Just over 100 years ago a general emergency was declared when winter storms paralysed the province. Called the “great blockage,” the 1905 storm was hailed as one of the worst to strike Nova Scotia in over a century; during the persistent storm, entire communities were isolated for weeks at a time and with the railway lines shut down, shortages of fuel and food were a fact of life.

Over the years I’ve written several accounts of the 1905 storm in this column, based for the most part on published reports. Except for talking with my father, who remembered snow tunnels being dug on Kentville’s Main Street, any information I gleaned about the storm came from old weekly and daily newspapers. Regretfully, I never interviewed people who could have provided first-hand accounts of the 1905 storm.

But fortunately, there are people who lived through the great storm and recorded the event in personal journals. One of these people was Hants County farmer Harry Pemberton. For well over half a century, from 1890 until a few years before his death in 1957, Pemberton wrote daily reports in his diary. At the time of the great storm, he was farming in Hants County near Garland’s Crossing.

Recently, Mr. Pemberton’s granddaughter, Faye Hergett of Wolfville, provided me with entries from his diary for January and February of 1905. These entries, stark and to the point, give us a firsthand glimpse of the great storm. As you will see from reading them, it was a harrowing period to be a farmer in an isolated community. Note how often the railroad is mentioned, illustrating the importance of the line at the time.

January 25. Drawed (sic) two small loads of wood. 18 below zero and a terrible storm in afternoon. Pulled horse very hard to get home.

January 26. Stayed home and ploughed roads. Still snowing. Heaviest storm in years.

January 27. Ploughed roads all the morning. Snow piled 12 feet deep all over my wood and sleds. Roads are full. No trains have run since yesterday noon. Heaviest storm in 32 years.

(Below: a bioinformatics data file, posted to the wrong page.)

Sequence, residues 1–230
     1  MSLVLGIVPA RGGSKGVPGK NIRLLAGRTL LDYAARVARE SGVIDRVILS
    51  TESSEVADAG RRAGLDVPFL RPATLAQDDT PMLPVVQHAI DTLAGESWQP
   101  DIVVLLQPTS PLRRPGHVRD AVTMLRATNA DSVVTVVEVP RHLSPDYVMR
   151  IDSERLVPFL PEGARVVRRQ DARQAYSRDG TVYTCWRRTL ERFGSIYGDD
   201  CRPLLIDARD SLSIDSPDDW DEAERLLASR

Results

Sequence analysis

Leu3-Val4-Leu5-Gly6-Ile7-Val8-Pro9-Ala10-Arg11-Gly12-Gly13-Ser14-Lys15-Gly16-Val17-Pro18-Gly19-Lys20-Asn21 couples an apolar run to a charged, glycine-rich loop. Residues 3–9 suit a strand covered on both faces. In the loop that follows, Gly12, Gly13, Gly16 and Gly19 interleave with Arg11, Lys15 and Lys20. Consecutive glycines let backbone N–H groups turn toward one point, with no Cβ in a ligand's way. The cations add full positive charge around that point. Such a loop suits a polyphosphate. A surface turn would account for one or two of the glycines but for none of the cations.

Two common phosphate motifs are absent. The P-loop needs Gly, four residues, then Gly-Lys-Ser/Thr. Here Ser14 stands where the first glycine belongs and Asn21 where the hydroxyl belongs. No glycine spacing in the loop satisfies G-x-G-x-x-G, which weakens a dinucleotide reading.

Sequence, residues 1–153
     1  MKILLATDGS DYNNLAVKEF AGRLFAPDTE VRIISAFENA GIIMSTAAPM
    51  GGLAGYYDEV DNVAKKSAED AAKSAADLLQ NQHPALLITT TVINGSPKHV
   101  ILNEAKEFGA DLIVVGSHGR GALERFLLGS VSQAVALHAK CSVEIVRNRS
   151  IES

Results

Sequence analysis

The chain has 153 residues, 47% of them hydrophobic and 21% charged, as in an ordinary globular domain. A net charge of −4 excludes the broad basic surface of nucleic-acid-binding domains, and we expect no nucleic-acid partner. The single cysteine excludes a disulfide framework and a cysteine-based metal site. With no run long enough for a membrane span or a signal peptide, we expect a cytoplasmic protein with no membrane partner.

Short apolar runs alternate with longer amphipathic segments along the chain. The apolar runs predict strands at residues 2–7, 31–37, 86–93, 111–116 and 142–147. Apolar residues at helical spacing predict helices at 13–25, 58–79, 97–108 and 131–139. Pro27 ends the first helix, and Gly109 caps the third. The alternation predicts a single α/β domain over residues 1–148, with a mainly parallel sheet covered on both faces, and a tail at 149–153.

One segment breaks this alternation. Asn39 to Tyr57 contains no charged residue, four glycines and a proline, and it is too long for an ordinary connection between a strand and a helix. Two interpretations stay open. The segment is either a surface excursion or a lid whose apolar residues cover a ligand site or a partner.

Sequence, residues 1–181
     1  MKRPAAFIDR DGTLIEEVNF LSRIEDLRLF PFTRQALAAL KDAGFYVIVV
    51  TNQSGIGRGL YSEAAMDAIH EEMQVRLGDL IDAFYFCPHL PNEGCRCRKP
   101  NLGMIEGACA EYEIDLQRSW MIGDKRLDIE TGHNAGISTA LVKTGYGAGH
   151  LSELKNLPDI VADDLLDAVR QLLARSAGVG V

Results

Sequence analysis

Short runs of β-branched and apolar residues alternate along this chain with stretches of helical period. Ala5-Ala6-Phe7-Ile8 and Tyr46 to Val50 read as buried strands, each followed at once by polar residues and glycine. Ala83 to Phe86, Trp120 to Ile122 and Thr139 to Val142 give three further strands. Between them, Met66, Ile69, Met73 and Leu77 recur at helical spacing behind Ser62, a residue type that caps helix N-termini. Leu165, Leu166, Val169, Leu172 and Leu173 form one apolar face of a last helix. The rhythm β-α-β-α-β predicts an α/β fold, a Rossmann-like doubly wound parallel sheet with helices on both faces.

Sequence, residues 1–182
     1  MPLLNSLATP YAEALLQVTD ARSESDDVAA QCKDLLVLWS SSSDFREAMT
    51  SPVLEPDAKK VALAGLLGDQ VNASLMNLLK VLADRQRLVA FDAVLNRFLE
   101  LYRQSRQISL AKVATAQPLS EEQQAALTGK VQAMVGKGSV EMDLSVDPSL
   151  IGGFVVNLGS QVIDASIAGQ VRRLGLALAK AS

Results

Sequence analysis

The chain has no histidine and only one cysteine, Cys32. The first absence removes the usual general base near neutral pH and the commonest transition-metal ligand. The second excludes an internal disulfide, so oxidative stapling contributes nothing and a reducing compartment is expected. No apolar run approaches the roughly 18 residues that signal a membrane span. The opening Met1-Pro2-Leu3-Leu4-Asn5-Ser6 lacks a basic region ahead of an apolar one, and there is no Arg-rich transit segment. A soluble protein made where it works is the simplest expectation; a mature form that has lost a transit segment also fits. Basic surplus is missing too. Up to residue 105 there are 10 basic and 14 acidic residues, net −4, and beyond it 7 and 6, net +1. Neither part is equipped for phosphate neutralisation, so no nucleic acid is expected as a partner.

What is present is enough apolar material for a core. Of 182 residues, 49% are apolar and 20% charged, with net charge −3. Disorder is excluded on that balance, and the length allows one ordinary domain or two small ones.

January 31. More snow. So much now it is almost impossible to do anything.

The diary entries are similar in February, Pemberton noting that from February 1 to February 7 it was cold and snowy. The February 7 entry reads: Another snow storm. For February 16: Another terrible snow storm. The comes the most telling entries of all:

February 18. Roads are heavy. Lots of snow and more coming. The midland trains have been stopped for the winter and men paid off, it being impossible to get through for snow. The D.A.R. have not had a train through from Halifax for a week now on account of all the snow and ice on the tracks. All the snow plows have been smashed up and a hard time is generally spoken. Everywhere food stuffs and coal are a (?) and it is almost impossible to get wood so severe is the winter…. Generally speaking, it is a hard, severe winter.

February 22. No trains through on D.A.R. yet. Teams are taking passengers and mail to and from Halifax by road. A very serious time.

February 23. Another snow storm. Road is very heavy and it’s hard indeed to get wood cut as the snow is fully five feet deep on the level. Trains have not got through to Halifax yet.

By February 25 the storm situation has eased a bit, Pemberton writing that he’s heard the trains are running. Then comes a note that an engine and plough finally make it through to Windsor from Halifax. On February 26 Pemberton writes that the trains are running again and the rail line seems to be clear. The great storm of 1905 is over.

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